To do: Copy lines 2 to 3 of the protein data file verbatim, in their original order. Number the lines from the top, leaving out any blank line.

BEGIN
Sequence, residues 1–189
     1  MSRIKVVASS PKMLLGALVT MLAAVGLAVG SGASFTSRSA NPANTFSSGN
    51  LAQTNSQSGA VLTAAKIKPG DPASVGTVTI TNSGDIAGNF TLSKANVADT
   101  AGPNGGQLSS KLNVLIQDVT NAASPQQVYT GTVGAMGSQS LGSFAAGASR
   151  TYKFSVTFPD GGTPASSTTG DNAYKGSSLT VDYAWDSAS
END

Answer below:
     1  MSRIKVVASS PKMLLGALVT MLAAVGLAVG SGASFTSRSA NPANTFSSGN
    51  LAQTNSQSGA VLTAAKIKPG DPASVGTVTI TNSGDIAGNF TLSKANVADT